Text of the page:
“I feel strongly about being applied. So, I like things that have an impact on real people.”
Gad Allon talks to Michael Matias about the Gig Economy and how the shift in our economy toward this type of work requires new thinking about labor economics
Gad, tell me about what you work on.
I'm originally from Israel. I worked first in Israeli startups; PhD at Columbia; 11 years at Kellogg; and now, at Wharton and at Penn as director of management and technology. My background is really in two adjacent areas: game theory and economic theory, and also queuing theory and operational theory. A lot of what I do is really about areas where you need to understand the nitty gritty of processes and also how they embed themselves within a situation. The intersection of these two can be platforms, supply chains, or the gig economy, which is where I spend a significant amount of time now.
Tell me about the gig economy on a high level, and then tell me a few key concepts from daily life.
There is really nothing new at the very high level. Since essentially the dawn of civilization, almost, you’ve had freelancers. When we say gig economy, the names that come to mind are Uber and Lyft, but also Upwork and the Israeli Fiverr. All of these are essentially riding on the fact that all of us have a mobile device or laptop, and so continuously they're able to match people that have a need.
I'll give an example. When I started teaching, I realized that I needed new gear and skills to teach online. Once you get a good microphone, you realize the limits of what you know. I went on Upwork and found a sound engineer. We spent an hour on Zoom; I have an amplifier here and we optimized every level of that. Wharton, where I work, cannot employ a sound engineer. He doesn't want to work with someone like me (full time).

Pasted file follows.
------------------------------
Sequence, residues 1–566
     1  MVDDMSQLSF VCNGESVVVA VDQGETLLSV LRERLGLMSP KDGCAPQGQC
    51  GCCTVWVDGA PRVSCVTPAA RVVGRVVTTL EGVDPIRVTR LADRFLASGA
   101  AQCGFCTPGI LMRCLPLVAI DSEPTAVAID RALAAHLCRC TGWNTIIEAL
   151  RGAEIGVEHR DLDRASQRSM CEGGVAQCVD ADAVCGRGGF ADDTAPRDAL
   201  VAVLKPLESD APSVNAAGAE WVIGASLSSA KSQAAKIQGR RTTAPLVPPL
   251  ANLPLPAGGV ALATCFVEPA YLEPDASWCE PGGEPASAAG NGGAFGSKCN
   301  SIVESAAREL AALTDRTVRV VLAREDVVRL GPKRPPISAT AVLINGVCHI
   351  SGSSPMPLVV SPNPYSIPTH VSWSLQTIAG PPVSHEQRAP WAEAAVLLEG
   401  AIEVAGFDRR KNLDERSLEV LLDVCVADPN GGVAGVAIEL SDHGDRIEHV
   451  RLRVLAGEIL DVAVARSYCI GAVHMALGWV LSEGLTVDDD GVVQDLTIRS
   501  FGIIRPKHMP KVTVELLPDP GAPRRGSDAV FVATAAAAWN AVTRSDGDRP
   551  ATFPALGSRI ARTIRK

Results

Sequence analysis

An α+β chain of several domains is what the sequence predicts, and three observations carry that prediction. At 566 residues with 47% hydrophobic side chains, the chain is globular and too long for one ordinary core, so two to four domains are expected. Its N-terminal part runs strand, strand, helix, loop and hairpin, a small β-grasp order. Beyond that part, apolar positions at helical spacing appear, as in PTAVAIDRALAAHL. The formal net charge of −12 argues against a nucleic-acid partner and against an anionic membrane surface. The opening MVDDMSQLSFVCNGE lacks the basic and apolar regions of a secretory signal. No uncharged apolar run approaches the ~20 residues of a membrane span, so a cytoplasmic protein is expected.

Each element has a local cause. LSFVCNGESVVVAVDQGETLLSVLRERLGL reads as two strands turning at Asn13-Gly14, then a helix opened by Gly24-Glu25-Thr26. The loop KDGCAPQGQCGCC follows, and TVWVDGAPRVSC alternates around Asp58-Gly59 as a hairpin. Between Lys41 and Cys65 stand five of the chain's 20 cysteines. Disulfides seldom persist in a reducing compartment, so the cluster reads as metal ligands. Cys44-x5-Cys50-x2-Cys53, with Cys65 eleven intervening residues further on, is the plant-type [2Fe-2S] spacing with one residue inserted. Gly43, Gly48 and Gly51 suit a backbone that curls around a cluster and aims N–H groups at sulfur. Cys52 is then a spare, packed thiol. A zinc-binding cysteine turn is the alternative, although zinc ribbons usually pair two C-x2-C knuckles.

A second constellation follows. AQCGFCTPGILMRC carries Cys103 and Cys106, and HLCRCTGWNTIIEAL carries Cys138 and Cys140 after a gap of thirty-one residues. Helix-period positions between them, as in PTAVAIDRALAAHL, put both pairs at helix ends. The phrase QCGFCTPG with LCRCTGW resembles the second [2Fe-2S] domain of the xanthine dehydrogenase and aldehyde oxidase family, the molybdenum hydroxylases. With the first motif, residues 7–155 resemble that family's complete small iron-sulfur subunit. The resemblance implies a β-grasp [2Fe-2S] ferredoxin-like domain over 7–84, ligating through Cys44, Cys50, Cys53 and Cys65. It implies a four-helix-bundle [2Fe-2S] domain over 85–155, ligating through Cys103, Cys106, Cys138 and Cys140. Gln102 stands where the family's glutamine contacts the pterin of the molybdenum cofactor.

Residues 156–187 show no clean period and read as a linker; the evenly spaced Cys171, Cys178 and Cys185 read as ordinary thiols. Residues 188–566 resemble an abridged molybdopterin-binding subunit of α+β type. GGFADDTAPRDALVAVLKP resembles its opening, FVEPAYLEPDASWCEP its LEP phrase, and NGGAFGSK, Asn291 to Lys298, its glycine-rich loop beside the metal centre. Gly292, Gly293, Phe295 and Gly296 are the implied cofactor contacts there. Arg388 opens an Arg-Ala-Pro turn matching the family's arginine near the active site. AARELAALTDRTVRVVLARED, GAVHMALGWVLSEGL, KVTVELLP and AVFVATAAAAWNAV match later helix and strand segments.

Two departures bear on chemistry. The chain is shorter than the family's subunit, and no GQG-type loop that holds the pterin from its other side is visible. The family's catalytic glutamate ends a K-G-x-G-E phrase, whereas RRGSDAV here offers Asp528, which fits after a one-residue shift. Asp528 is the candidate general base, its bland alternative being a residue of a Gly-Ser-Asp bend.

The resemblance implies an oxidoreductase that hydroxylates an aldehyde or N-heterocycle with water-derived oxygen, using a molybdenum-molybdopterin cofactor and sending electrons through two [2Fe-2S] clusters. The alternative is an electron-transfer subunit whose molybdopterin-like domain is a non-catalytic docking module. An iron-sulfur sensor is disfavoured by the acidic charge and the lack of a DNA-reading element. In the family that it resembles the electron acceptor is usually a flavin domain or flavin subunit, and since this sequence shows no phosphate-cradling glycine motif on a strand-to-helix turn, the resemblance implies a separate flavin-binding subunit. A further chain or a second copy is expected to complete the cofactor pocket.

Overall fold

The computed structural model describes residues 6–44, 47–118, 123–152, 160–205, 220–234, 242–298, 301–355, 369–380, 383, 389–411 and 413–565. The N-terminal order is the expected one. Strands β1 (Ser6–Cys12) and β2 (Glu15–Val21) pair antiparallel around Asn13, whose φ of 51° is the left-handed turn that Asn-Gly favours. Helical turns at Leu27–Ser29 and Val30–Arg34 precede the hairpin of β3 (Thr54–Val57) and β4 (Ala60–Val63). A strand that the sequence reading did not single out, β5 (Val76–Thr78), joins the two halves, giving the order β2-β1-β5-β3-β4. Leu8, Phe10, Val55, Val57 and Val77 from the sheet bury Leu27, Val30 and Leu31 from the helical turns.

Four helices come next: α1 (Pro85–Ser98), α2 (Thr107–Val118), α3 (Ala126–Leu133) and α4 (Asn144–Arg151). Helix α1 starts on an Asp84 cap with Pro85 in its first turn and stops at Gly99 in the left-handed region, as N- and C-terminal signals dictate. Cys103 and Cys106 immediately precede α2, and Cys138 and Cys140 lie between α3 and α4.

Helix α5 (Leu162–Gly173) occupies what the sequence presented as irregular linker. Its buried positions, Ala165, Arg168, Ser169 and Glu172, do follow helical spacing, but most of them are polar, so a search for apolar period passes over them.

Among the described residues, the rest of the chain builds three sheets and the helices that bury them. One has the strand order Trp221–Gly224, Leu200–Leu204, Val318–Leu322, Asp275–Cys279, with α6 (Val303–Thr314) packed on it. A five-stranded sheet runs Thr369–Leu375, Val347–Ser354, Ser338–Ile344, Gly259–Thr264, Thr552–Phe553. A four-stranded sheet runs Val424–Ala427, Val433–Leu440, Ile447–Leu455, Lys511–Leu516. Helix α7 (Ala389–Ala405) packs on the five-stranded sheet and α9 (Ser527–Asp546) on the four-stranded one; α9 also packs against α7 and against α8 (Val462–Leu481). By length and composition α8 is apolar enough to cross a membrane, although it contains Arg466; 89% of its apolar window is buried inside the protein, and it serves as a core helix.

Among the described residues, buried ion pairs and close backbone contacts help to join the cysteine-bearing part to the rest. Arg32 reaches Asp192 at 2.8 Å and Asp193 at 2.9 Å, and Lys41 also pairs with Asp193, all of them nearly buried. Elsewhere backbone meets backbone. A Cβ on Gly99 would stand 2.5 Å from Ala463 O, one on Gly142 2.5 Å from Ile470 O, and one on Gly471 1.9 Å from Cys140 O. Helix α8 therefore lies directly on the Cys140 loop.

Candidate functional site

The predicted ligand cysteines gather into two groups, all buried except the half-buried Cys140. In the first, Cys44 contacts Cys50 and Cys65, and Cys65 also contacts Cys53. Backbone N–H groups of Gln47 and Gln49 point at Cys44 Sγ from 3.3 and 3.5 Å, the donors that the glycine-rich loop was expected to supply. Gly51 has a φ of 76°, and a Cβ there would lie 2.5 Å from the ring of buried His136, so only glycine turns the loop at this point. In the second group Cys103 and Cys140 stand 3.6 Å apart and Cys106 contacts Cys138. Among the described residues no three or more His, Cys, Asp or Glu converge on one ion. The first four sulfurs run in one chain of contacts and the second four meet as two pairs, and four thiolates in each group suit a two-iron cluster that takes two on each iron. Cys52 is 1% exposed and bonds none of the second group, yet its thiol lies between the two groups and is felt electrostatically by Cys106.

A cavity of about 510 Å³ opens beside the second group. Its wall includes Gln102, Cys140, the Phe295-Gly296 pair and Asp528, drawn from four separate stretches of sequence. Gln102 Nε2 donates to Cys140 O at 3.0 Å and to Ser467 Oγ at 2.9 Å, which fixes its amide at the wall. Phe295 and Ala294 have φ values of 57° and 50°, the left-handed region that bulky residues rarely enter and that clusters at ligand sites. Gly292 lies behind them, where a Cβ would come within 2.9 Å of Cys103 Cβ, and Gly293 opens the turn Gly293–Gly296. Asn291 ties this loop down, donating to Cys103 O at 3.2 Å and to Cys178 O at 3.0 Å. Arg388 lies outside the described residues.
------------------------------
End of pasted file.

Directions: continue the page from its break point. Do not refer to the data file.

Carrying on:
When people think about the gig economy, we tend to think about Uber and Lyft. But to me, at least, there are endless opportunities in trying to match between what people really want to do and the people that have true needs.
You're also picking up on some interesting trends coming out of the pandemic. For example, drivers.
If you tried to call an Uber over the last month, you’d notice two things: very high prices, more surge pricing; and significantly longer waiting times. It is because of two things. Demand actually has been going up, but not significantly. The main thing is that drivers are reluctant to go back to work.
When COVID started, we noticed that the drivers kept on driving. The decline was primarily in demand. But what we're seeing now is actually we see the drivers are slower to come back. Most of them say, "Most of these firms treated us the same way that the cable firm is treating us. They lure us initially into the service, they lock us in, the moment we're in, they start lowering the incentives.”
When you ask them why they are driving for Uber or Lyft, they say, "I want flexibility." But in fact, flexibility is not what they look for. They look for consistency. I'm not very optimistic for Uber or Lyft specifically because it shows you what's going to happen in the gig economy in the future; you always have to compete both on the demand side and the supply side.
When it comes to drivers, our data shows that 40% of them multihome. Most of us, when we decide on where to work, it's usually once a year, once in two years. Here, you see people that make decisions almost every 15 minutes. It really requires us to rethink a new type of labor economics to try to understand. I'm not just interested in Uber and Lyft; I'm interested in the entire stack because over time, more and more of our employment model is going to move to something like that.
What does this actually mean to the leaders, the people that are thinking through these models?